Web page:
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Jan. 15 (Bloomberg) -- West Texas Intermediate crude rose after a government report showed that U.S. inventories tumbled to the lowest level in almost 22 months as imports plunged.
Futures climbed 1.7 percent. The Energy Information Administration said crude supplies fell 7.66 million barrels to 350.2 million, the least since March 2012. Imports of crude slid 13 percent, the biggest decline since September 2012. Fuel demand climbed for the first time in four weeks. WTI also increased after manufacturing in the New York region expanded.
“The drop in imports appears to be the main reason for the big crude number,” said Michael Lynch, president of Strategic Energy & Economic Research in Winchester, Massachusetts. “The barrels that used to come here appear to have been diverted to other destinations. Demand has been pretty anemic, so there was no need for them.”
WTI for February delivery climbed $1.58 to $94.17 a barrel on the New York Mercantile Exchange, the highest settlement since Jan. 2. Today’s gain was the biggest since Dec. 3. The volume of all futures traded was 25 percent above the 100-day average at 3:50 p.m. The grade has lost 4.3 percent in 2014.
Brent for February settlement increased 74 cents, or 0.7 percent, to end the session at $107.13 a barrel on the ICE Futures Europe exchange. Futures slipped to $105.80 earlier today, the lowest level since Nov. 12. Volume was 9.8 percent above the 100-day average.
The European benchmark crude’s premium to WTI dropped to $12.96, the narrowest level since Jan. 3 based on settlement prices.
Crude supplies have tumbled 41.2 million barrels since Nov. 22, the largest seven-week decline in data going back to 1982. Stockpiles were forecast to drop 1.3 million barrels, according to the median estimate of 11 analysts surveyed by Bloomberg.
“This is a significant supply decline, and prices are reacting appropriately,” said John Kilduff, partner at Again Capital LLC a New York-based hedge fund that focuses on energy. “There was speculation that the drops would shrink in size with the beginning of the new year. We’re going to have to go back and review some of our assumptions about the market.”
The decline in imports was the biggest since September 2012, EIA data showed. Arrivals to Gulf Coast states, known as PADD 3, dropped 11 percent to 3.09 million barrels a day, the least since September 2008.
Inventories of crude at Cushing, Oklahoma, the delivery point for WTI traded in New York, rose 145,000 barrels to 40.9 million, the report showed.
U.S. crude production increased 14,000 barrels a day to 8.16 million, the most since 1988, according to the EIA, the Energy Department’s statistical arm. Output has surged as the combination of horizontal drilling and hydraulic fracturing, or fracking, has unlocked supplies trapped in shale formations.
Gasoline stockpiles gained 6.18 million barrels to 233.1 million last week. Inventories were projected to climb by 2.5 million barrels, according to the Bloomberg survey.
“The gasoline data was bearish but not strong enough to balance the big decline in crude,” Kilduff said.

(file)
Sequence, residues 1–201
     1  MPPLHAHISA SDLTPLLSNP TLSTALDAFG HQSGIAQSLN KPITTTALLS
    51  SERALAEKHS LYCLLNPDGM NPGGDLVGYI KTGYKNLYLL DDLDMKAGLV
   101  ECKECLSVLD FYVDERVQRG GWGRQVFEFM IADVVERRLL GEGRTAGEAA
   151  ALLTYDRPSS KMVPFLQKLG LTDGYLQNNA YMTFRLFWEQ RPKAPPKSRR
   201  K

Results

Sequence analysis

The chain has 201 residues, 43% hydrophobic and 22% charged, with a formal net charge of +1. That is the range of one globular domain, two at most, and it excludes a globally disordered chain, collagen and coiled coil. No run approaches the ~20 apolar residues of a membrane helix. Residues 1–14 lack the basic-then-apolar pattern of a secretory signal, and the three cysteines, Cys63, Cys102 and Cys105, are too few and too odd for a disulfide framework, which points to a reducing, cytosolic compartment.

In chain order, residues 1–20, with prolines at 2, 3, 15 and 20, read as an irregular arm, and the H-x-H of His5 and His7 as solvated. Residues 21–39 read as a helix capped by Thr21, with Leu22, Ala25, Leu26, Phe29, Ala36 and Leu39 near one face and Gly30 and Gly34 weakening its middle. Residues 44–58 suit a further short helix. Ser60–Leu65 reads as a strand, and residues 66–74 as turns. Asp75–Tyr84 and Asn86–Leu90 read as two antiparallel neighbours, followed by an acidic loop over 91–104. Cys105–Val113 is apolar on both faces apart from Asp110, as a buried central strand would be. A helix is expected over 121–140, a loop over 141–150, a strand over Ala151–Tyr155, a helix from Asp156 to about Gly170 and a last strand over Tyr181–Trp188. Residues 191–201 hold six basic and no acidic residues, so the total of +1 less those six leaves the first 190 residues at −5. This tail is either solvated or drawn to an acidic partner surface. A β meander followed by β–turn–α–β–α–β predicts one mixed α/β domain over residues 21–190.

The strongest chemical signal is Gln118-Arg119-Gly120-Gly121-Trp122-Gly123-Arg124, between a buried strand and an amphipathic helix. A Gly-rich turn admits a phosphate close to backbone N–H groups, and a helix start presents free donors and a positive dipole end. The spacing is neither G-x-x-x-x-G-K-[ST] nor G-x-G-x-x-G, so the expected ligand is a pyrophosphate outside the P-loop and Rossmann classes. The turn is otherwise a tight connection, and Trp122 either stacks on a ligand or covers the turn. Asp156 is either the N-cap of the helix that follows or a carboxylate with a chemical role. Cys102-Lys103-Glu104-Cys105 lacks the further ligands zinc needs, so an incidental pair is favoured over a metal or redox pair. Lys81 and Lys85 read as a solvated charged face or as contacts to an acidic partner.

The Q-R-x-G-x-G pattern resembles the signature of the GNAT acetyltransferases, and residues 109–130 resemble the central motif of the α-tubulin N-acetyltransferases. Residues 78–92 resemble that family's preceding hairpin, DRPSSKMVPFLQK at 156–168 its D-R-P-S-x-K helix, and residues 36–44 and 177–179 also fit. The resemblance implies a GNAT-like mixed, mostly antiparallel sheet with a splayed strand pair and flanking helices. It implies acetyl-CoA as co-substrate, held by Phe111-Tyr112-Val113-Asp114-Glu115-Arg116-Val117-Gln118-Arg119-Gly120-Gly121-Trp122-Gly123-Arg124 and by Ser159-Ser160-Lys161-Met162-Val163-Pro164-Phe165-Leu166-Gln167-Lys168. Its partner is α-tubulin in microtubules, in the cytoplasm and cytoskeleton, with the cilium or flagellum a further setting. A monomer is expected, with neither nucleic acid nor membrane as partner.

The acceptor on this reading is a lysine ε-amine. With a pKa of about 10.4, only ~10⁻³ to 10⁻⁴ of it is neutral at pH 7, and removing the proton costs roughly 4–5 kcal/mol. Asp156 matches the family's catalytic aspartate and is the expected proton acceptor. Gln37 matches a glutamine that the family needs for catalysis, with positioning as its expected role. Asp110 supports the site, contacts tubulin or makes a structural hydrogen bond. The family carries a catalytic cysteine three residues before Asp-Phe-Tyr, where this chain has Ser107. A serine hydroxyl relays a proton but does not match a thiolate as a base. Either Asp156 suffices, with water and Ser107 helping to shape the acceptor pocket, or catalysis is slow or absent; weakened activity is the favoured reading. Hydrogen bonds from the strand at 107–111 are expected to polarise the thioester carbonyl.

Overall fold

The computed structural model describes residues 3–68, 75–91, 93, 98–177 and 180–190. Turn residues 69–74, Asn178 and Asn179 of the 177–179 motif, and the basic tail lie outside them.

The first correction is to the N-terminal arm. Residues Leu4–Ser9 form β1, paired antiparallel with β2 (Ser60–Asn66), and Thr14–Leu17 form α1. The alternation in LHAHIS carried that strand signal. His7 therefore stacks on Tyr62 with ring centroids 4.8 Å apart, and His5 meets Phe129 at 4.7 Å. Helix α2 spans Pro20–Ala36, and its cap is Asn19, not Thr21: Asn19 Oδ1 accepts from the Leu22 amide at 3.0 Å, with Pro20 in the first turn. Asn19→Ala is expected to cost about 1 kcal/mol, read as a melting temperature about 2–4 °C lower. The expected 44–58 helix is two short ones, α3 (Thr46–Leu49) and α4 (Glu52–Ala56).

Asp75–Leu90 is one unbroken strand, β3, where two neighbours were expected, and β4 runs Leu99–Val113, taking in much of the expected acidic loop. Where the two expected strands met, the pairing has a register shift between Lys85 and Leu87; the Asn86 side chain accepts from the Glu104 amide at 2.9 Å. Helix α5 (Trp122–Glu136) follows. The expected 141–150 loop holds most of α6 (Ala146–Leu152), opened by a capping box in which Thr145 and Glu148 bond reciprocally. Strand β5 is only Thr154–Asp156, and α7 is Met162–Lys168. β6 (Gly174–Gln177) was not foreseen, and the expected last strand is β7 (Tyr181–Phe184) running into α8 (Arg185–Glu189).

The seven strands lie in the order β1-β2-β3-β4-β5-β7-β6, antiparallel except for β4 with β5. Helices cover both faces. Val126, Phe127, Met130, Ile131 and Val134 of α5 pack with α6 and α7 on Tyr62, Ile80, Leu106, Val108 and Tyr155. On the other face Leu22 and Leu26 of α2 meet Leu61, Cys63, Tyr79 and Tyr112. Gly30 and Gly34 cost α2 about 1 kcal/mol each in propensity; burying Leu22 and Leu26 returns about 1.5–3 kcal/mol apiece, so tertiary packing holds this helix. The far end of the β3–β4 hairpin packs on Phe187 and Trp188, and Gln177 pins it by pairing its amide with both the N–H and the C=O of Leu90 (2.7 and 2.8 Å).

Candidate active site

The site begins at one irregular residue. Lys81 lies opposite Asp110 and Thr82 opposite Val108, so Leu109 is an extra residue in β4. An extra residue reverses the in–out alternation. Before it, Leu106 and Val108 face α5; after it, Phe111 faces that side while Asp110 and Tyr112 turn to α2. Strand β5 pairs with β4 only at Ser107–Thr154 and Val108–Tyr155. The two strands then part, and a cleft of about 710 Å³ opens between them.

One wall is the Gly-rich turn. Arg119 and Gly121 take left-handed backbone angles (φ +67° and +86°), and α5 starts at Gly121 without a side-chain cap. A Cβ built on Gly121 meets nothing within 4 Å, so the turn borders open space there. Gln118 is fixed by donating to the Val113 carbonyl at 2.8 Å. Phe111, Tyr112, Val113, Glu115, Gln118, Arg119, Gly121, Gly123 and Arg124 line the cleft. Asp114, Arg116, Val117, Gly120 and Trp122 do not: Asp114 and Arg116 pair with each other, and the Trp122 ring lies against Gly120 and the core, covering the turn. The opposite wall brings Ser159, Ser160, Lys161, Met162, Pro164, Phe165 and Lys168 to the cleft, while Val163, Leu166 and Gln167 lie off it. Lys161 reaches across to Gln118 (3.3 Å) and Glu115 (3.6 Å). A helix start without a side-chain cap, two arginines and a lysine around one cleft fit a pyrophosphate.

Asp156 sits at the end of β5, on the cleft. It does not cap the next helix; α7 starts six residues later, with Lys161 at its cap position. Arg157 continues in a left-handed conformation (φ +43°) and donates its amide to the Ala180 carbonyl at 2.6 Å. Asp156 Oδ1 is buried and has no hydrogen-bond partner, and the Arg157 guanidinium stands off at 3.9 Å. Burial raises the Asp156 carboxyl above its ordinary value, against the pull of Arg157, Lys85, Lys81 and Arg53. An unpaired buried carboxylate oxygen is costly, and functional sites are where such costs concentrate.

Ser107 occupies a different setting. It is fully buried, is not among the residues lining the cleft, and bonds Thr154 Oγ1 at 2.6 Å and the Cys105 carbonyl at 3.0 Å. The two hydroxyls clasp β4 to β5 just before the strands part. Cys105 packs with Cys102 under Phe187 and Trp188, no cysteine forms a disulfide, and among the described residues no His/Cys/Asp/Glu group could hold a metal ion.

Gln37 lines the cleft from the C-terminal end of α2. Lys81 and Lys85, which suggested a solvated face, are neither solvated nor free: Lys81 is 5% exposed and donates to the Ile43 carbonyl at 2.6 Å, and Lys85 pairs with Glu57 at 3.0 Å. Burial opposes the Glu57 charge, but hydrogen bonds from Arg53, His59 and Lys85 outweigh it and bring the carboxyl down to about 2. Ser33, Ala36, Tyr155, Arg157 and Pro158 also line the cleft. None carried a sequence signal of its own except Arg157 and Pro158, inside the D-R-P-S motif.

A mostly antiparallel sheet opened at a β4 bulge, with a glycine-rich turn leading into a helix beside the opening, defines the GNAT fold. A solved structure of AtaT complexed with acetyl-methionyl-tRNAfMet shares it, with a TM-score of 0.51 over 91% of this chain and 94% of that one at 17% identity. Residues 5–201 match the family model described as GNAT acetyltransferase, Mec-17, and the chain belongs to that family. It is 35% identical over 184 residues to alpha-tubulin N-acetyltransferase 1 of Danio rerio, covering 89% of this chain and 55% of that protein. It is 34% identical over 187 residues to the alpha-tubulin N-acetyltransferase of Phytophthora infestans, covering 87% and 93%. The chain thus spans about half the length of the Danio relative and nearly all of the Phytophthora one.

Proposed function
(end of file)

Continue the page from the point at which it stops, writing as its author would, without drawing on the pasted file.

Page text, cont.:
Supplies of distillate fuel, a category that includes heating oil and diesel, slid 1.02 million barrels to 124 million. A 1.25 million-barrel gain was forecast.
Total products supplied, a measure of fuel consumption, climbed 3.5 percent to 18.9 million barrels a day, the first increase in four weeks. Distillate fuel demand surged 23 percent to 3.72 million barrels a day.
Refineries operated at 90 percent of capacity, down 2.3 percentage points from the prior week, EIA data showed. Utilization surged to 92.7 percent on Dec. 20, the highest level since July.
“Utilization was down significantly,” said Bob Yawger, director of the futures division at Mizuho Securities USA Inc. in New York. “The data should have an asterisk after it because the drop was probably related to the severe cold that caused some refiners to shut units. If not for the drop in refinery utilization, the crude drop would have been even larger.”
The Federal Reserve Bank of New York’s general economic index, which covers New York, northern New Jersey and southern Connecticut, rose to 12.5 in January, topping the 3.5 estimate in a Bloomberg survey. Readings greater than zero signal growth.
“The economic data this morning was positive, and that points to greater fuel demand,” said Phil Flynn, senior market analyst at the Price Futures Group in Chicago.
U.S. equities also rose on the economic data. The Standard & Poor’s 500 Index increased 0.6 percent, and the Dow Jones Industrial Average gained 0.7 percent.
The Washington-based World Bank sees the global economy expanding 3.2 percent this year, compared with a June projection of 3 percent and up from 2.4 percent in 2013. The forecast for the richest nations was raised to 2.2 percent from 2 percent, while the expectation for developing markets was cut to 5.3 percent from 5.6 percent.
Implied volatility for at-the-money WTI options expiring in March was 18.4 percent, down from 19.6 percent yesterday, data compiled by Bloomberg showed.
Electronic trading volume on the Nymex was 599,422 contracts at 3:51 p.m. It totaled 666,467 contracts yesterday, 27 percent higher than the three-month average. Open interest was 1.62 million contracts.
--Editors: Margot Habiby, Richard Stubbe